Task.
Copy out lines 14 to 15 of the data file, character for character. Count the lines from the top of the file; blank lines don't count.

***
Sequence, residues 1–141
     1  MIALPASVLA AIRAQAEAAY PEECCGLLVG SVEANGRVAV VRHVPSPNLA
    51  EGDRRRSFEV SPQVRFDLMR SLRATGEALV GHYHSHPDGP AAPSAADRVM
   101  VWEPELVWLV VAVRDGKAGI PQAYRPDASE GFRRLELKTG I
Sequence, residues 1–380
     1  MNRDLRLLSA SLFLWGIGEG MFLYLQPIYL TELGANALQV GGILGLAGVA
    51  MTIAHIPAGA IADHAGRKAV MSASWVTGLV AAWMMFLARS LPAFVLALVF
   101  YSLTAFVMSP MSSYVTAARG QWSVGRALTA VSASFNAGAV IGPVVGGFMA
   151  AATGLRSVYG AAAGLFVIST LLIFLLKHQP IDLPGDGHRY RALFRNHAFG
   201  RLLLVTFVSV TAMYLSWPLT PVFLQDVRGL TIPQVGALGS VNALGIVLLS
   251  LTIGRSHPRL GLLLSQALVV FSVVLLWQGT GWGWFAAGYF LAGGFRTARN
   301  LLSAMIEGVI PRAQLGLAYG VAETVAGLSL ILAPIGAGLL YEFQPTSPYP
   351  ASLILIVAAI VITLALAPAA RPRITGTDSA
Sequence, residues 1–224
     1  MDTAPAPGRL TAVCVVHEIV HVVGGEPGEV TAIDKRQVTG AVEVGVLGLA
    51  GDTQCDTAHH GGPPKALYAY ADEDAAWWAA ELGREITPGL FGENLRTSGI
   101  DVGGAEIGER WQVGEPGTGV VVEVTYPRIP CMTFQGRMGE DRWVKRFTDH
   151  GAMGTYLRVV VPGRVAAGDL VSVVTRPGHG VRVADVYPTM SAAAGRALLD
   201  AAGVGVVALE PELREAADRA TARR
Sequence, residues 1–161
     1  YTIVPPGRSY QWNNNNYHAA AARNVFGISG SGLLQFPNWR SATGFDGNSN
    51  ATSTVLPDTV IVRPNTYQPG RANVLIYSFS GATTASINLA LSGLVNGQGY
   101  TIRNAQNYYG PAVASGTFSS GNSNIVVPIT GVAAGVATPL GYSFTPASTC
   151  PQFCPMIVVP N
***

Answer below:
Sequence, residues 1–224
     1  MDTAPAPGRL TAVCVVHEIV HVVGGEPGEV TAIDKRQVTG AVEVGVLGLA